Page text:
Sir John's inquiry was not a disciplinary inquiry. Sir John has recommended to me that no disciplinary inquiry should be undertaken into the escape from Parkhurst. He is of the opinion that such an inquiry could finally break the resolve and commitment of many of the staff at Parkhurst, with the very significant possibility that the secure running of the establishment could be severely compromised. He is also of the opinion that it is difficult to see what a disciplinary inquiry would achieve. In considering that recommendation, I have been influenced by the fact that more than one of those concerned will not be staying in the prison service. I have therefore decided to accept that recommendation.

The Learmont report makes it clear that responsibility for the Parkhurst escape was not confined to management and staff at Parkhurst. On the contrary: the report says that alarm bells should have been … ringing throughout the Prison Service". and that many of the ingredients can be traced along the lines of communication to Prison Service headquarters". In his covering letter, Sir John Learmont makes it perfectly clear that responsibilities ultimately reach the level of the Prisons Board and that that is where criticism stops. Sir John has not found that any policy decision of mine, directly or indirectly, caused the escape.

I turn next to the organisation of the prison service and its relationship with the Home Office. It is now about two and a half years since the prison service became a "next steps" executive agency. The decision to make the service an agency was taken on the recommendation of an independent inquiry conducted by Admiral Sir Raymond Lygo. Sir John Learmont does not recommend that there should be any change in the agency status of the prison service. He does recommend that someone with wide experience of the workings of agencies should undertake an in-depth study of the relationship between the prison service and the Home Office. That work is under way and I shall report on it to the House when it is complete.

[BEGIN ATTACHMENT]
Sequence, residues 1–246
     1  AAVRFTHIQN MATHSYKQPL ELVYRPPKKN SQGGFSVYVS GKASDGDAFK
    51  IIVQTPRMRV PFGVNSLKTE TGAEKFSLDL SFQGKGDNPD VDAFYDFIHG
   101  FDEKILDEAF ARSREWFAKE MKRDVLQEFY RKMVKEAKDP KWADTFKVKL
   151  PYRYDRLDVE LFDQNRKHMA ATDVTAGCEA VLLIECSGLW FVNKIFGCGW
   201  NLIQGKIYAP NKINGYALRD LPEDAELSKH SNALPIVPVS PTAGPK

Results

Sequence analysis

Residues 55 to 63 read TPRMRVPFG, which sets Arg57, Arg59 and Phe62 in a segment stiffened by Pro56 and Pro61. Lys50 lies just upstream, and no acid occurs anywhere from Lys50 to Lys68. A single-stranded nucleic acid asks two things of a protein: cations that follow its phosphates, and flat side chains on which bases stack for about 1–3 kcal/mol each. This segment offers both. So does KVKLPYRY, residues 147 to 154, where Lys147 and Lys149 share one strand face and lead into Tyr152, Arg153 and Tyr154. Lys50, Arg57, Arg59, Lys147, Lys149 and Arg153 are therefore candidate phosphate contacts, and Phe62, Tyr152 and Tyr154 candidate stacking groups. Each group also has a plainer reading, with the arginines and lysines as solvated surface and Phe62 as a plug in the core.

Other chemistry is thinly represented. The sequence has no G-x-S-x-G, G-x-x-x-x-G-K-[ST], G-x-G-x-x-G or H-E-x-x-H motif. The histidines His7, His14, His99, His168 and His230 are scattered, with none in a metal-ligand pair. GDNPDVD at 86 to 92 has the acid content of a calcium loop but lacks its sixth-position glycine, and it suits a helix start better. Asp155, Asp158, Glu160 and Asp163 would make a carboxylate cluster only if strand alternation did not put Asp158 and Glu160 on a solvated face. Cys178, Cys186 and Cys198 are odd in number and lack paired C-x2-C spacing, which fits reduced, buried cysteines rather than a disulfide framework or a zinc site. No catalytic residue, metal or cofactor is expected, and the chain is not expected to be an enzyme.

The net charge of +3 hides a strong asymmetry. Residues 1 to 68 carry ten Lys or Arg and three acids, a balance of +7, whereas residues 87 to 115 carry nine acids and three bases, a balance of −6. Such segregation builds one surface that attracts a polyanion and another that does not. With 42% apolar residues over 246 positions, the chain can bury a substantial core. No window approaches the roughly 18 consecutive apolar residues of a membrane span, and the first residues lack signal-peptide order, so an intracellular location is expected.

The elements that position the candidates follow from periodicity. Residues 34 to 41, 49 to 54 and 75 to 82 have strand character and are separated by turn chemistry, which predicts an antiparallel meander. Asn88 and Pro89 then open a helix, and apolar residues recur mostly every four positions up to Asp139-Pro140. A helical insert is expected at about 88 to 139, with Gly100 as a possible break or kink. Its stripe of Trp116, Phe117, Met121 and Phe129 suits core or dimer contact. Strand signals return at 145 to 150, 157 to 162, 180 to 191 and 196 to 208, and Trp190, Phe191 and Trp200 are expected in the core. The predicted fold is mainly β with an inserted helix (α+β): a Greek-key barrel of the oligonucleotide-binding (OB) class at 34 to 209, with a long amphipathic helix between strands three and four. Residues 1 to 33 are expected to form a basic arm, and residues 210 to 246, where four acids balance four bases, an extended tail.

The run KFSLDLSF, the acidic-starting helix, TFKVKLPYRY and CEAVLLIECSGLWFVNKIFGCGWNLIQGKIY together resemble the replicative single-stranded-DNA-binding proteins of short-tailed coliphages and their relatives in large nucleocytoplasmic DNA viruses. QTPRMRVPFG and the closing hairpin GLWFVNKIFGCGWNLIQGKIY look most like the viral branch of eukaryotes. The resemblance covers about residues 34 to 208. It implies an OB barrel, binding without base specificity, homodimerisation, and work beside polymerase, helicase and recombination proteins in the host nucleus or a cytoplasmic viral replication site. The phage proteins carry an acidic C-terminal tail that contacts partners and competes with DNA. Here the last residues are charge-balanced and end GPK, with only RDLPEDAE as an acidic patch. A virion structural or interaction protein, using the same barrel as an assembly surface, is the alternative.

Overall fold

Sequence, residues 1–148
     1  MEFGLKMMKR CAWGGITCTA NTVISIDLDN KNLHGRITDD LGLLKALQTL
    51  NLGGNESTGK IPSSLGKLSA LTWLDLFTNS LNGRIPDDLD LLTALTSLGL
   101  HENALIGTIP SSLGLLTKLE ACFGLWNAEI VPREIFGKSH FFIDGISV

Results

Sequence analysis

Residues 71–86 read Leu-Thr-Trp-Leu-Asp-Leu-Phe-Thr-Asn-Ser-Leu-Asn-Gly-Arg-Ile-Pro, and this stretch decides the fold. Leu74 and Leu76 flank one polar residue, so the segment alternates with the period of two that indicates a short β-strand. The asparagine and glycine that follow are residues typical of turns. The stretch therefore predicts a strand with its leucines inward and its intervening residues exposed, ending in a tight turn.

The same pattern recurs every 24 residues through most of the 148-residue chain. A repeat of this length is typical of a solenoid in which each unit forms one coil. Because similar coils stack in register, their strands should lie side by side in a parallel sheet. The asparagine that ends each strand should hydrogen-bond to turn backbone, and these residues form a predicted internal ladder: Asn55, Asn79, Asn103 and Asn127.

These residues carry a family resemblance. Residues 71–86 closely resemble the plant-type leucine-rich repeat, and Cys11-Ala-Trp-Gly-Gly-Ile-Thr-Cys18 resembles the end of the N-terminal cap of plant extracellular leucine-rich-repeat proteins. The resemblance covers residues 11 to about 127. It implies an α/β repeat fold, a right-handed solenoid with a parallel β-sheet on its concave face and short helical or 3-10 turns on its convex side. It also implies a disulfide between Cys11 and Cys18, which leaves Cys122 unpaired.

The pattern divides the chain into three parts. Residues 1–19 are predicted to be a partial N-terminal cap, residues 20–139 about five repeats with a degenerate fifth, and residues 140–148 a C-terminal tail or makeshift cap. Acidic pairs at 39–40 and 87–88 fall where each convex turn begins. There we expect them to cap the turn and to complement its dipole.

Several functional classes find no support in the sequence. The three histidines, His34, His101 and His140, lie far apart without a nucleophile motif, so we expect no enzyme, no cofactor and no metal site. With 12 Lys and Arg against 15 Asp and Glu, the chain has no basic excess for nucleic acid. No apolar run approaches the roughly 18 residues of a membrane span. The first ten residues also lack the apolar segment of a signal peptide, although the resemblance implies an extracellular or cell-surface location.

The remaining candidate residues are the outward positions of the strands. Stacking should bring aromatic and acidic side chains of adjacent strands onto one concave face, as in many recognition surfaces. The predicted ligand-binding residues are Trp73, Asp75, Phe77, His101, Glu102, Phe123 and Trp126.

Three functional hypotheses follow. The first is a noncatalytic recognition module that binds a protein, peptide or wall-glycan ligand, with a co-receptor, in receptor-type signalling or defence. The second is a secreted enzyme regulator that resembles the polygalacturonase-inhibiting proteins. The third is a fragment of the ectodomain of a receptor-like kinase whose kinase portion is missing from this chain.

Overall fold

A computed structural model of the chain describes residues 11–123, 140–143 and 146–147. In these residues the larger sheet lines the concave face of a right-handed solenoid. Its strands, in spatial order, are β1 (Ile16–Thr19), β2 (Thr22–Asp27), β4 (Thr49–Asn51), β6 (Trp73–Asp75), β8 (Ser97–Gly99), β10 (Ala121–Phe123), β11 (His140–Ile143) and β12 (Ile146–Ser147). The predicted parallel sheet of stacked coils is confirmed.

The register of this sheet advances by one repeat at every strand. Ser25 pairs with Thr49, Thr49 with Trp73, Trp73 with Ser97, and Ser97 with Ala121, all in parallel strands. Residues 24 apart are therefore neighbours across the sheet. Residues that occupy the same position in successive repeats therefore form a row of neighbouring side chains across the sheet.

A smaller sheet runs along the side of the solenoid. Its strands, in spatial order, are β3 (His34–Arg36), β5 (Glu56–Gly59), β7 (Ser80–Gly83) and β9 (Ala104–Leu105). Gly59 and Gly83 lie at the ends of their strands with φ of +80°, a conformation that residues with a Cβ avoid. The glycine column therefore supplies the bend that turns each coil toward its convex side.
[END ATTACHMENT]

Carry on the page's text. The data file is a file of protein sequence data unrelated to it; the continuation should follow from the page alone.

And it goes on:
Sir John's report makes 127 detailed and wide-ranging recommendations. I accept the broad thrust of Sir John's analysis. About half the recommendations endorse actions that have already been completed, are under way, or are already planned. I shall deal today with Sir John's key recommendations and I shall come back to the House with a full response in due course.

A key recommendation of the report is that there should be one maximum security prison to house the most dangerous prisoners in the system. That was a recommendation first made by the Mountbatten inquiry in 1966, and accepted by the then Home Secretary, Lord Jenkins of Hillhead. However, the Radzinowicz report in March 1968 recommended against it and it was not implemented. Since then the policy has been to disperse such prisoners among a small number of high security prisons. Sir John concludes: The continuous development of explosives and weapons and their availability to criminals and their associates, pose a much greater threat to the security of our maximum security prisons than the Service has previously encountered. He believes, therefore, that the most dangerous prisoners should now be housed in a purpose-designed and built maximum security prison.

That is a very far-reaching proposal, which would represent a major departure in penal policy. The report makes a strong case for it. I have already asked the Prison Service to consider the feasibility, costs and benefits of building such an establishment and to report to me in six months' time. The prison service will also consider Sir John Learmont's proposal for a single control prison to hold the most unruly and disruptive prisoners. I should welcome comments on those proposals.